Did Pittsburgh's development dictate the location of the bridges, or did the bridges lead to development of a great American city?
Bridges ... Pittsburgh at the Point ... A Journey Through History is the first and only book to tell the full story of every one of the 34 wooden, iron and steel bridges that ever spanned the three great rivers at The Point. It shows the development of the city with unique maps laid out chronologically, all from the same orientation, looking East from Mount Washington. More than half of the photographs have never-before been published.
The authors take readers back over 65 million years to the origins of the three rivers and how they were sculpted, creating a dramatic landscape of expansive waterways and lofty cliffs towering over the confluence. Through the words of engineers, architects, planners and historians of the 18th through the 21st centuries, this book narrates Pittsburgh's evolution from a struggling frontier town, to a smoky industrial center, to a world-class city.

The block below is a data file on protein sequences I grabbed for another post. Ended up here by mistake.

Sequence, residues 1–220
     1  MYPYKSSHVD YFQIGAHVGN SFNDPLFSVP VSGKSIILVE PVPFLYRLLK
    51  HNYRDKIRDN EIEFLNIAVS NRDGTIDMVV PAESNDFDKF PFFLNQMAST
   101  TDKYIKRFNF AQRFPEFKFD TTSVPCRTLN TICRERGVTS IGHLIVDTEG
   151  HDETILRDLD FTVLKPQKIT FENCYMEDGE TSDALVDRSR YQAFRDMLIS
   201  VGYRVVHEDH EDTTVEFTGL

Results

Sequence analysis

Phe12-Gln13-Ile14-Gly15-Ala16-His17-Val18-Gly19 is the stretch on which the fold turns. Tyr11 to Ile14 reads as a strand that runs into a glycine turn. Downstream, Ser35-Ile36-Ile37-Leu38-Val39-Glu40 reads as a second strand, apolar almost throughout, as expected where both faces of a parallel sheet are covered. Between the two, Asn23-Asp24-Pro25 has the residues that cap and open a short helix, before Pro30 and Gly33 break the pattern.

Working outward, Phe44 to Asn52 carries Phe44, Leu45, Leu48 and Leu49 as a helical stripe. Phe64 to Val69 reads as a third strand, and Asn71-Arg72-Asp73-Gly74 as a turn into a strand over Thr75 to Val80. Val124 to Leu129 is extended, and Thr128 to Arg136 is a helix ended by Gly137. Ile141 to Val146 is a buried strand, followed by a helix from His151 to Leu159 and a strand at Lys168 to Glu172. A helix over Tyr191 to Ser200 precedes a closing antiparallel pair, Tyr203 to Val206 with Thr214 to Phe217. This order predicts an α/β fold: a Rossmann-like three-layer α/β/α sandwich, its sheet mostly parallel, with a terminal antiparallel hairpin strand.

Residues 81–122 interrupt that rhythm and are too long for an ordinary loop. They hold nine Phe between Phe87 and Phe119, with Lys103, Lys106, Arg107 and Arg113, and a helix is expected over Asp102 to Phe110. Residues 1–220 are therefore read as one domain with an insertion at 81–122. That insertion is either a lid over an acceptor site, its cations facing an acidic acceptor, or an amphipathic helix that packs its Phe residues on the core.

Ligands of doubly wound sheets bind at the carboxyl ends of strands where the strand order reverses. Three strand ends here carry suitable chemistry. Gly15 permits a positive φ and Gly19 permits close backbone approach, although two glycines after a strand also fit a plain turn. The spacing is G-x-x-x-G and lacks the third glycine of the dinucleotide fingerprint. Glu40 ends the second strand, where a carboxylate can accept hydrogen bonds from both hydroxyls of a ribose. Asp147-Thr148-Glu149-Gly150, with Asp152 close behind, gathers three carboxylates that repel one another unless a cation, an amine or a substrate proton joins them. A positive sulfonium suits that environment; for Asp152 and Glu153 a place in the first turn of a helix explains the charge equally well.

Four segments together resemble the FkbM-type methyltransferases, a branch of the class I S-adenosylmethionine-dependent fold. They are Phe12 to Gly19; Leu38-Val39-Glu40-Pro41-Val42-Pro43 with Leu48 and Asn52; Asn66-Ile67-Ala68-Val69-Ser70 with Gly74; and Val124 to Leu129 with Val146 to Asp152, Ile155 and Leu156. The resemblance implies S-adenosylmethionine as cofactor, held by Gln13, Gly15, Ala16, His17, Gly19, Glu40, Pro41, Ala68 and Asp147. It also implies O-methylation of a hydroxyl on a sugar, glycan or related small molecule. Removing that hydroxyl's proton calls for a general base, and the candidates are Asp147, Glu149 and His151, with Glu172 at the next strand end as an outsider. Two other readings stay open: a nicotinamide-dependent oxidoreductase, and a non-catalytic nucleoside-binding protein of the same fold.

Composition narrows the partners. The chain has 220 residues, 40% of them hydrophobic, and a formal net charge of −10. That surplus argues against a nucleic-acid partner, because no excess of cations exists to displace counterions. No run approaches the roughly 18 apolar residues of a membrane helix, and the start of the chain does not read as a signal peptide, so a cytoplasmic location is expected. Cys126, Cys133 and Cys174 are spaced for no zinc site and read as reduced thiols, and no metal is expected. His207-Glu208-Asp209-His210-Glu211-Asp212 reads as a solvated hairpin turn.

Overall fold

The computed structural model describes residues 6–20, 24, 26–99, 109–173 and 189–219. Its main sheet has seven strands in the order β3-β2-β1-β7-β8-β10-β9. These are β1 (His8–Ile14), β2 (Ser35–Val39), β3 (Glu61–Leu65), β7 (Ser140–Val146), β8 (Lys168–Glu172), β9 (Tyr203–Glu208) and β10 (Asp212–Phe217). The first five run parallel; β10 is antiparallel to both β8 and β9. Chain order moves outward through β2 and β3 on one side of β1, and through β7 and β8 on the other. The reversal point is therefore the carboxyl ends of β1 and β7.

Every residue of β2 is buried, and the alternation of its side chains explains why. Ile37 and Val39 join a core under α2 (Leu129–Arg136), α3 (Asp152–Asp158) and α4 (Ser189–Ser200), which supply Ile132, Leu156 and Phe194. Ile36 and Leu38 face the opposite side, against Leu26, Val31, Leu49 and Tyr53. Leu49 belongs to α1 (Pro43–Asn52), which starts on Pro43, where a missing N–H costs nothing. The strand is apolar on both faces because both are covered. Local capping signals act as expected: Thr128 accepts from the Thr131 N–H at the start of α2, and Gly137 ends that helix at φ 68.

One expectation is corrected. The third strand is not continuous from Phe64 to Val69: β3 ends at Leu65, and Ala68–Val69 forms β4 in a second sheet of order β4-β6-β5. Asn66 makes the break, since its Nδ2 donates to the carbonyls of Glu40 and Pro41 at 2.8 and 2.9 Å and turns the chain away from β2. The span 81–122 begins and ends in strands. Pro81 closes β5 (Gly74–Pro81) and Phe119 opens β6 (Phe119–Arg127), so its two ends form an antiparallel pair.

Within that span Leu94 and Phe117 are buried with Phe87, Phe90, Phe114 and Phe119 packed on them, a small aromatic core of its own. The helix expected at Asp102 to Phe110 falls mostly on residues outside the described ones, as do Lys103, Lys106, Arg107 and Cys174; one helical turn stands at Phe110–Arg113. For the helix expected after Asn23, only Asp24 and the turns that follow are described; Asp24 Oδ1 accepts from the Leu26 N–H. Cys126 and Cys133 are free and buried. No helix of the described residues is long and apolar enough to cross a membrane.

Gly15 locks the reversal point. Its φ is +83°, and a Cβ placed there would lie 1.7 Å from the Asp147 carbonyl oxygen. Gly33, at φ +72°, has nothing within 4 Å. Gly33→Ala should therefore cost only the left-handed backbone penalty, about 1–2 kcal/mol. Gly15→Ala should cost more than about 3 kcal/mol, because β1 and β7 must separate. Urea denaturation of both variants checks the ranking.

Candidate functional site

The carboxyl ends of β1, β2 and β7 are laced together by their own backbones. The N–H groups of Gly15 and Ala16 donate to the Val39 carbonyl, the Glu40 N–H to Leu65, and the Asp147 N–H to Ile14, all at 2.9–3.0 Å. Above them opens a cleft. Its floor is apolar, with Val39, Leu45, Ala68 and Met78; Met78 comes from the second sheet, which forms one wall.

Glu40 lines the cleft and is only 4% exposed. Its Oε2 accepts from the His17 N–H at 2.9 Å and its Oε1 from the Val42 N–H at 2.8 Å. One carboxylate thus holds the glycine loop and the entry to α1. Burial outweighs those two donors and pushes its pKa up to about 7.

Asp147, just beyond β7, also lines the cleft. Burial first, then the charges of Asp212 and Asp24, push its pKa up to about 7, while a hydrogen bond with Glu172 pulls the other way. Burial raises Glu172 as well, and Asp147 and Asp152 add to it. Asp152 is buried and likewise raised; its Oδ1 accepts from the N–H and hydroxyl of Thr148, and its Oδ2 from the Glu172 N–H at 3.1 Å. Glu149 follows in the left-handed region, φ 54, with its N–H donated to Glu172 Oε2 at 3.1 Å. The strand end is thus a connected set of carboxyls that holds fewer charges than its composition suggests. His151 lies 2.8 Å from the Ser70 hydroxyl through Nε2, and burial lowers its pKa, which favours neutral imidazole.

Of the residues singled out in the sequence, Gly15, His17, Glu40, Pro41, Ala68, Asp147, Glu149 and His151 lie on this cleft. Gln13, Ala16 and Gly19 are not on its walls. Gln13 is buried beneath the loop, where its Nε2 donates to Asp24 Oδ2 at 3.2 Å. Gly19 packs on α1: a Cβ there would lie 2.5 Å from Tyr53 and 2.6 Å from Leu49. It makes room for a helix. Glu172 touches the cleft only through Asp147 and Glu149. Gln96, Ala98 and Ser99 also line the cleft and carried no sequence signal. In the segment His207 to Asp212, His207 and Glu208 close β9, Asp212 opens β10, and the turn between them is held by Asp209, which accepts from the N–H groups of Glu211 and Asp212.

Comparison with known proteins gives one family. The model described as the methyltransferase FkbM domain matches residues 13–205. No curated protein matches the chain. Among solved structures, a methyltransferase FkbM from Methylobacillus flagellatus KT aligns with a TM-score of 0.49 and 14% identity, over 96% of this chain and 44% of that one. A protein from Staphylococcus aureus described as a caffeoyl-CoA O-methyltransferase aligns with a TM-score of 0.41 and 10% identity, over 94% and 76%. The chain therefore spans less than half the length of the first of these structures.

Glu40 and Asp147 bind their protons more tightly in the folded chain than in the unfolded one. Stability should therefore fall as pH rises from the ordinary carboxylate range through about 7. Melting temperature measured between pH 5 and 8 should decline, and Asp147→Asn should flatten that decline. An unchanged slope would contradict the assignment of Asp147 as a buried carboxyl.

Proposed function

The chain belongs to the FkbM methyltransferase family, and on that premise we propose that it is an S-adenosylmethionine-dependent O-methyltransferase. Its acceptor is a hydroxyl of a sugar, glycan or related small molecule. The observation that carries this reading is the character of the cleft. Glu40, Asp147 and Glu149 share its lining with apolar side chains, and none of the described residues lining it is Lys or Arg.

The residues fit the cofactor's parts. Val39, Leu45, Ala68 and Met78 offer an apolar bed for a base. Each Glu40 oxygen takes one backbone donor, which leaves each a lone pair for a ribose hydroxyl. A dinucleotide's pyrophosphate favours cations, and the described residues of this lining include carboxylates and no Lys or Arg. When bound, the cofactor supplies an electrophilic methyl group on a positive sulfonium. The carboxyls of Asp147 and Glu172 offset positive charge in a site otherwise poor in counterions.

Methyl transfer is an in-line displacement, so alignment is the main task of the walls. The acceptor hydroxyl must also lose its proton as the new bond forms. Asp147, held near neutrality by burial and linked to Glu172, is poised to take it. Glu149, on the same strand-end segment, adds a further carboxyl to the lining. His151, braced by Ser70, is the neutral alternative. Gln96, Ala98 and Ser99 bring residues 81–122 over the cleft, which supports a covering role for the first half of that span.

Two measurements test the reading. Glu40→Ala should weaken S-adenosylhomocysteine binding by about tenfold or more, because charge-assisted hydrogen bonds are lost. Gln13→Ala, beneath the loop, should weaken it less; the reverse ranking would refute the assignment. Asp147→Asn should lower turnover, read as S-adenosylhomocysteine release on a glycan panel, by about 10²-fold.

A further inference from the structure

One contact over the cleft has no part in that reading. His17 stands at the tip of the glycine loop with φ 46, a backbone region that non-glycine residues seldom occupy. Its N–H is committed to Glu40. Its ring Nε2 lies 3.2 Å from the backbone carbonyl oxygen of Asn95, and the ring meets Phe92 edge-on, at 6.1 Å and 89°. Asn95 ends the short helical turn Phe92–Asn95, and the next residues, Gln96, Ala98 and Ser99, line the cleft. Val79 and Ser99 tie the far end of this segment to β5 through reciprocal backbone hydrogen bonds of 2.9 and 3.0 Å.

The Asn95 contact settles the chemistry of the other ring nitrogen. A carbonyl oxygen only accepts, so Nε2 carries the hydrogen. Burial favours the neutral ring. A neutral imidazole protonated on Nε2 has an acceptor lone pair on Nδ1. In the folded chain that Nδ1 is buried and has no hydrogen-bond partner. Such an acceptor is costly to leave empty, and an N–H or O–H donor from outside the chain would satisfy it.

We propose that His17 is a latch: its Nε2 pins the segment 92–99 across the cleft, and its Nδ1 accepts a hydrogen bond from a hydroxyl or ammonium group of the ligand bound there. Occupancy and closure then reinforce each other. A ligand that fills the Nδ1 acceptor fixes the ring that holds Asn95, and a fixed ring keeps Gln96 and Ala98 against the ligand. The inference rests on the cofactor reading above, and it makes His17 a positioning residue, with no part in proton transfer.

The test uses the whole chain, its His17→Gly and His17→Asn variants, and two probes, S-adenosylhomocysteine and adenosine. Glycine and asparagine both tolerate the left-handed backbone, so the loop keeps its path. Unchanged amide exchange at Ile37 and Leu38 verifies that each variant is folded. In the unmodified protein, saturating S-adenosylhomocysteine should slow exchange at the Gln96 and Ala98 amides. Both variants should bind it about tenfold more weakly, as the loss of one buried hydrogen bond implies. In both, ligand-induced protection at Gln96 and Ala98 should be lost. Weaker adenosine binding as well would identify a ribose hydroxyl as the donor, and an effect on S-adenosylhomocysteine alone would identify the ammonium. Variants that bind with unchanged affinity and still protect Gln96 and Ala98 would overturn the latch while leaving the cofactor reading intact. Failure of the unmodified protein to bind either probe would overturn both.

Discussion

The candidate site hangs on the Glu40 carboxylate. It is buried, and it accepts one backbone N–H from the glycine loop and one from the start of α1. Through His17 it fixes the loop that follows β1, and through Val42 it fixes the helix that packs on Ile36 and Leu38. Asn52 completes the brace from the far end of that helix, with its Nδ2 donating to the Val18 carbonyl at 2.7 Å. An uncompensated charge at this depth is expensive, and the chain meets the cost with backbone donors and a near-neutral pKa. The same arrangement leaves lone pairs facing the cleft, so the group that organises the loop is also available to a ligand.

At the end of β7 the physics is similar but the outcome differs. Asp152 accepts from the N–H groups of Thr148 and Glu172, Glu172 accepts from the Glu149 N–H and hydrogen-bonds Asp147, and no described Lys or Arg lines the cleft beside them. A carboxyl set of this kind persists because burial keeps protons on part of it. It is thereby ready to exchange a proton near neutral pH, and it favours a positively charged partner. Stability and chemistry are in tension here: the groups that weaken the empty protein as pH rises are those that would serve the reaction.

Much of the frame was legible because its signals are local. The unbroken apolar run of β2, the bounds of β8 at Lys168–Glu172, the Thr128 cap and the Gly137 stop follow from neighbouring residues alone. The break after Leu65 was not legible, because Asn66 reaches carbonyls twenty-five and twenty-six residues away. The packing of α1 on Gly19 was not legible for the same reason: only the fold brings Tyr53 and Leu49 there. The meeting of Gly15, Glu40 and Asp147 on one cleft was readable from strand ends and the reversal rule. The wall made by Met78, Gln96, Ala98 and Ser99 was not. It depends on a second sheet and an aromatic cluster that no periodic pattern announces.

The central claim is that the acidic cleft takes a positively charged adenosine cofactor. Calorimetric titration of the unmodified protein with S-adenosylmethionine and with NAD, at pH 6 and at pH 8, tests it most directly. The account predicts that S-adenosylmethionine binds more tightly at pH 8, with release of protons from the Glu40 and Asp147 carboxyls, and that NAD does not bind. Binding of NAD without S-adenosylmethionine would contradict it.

Authors Leech and Kaplan describe an atmosphere of determination and innovation that result in the creation of the first covered wooden bridge to cross the Monongahela in 1818 — a bridge that would be destroyed by the fire of 1845. But it is the fire that ushers in the boldness of John Roehling (later of the Brooklyn Bridge) and his brilliant creation of spun iron ropes to build the replacement of the bridge across the Mon.
The book tells the story of each one of the bridges that would rise and fall at The Point, giving Pittsburgh such iconic spans as the Smithfield Street Bridge, the oldest bridge still in use in the city and a National Historic Landmark.
Our authors bring readers into the present with the beginnings of the Pittsburgh Renaissance in the 1940s and the massive interstate highway program of the 1950s that that gave birth to Point State Park, the Fort Pitt, the Veterans and the Fort Duquesne Bridges. (It is the Fort Duquesne that was for a time known as the Bridge to Nowhere.) No reader of this book will ever again cross the waters at The Point without a sense of awe at the beauty, technology, daring and brilliance that made Pittsburgh and its bridges what they are today.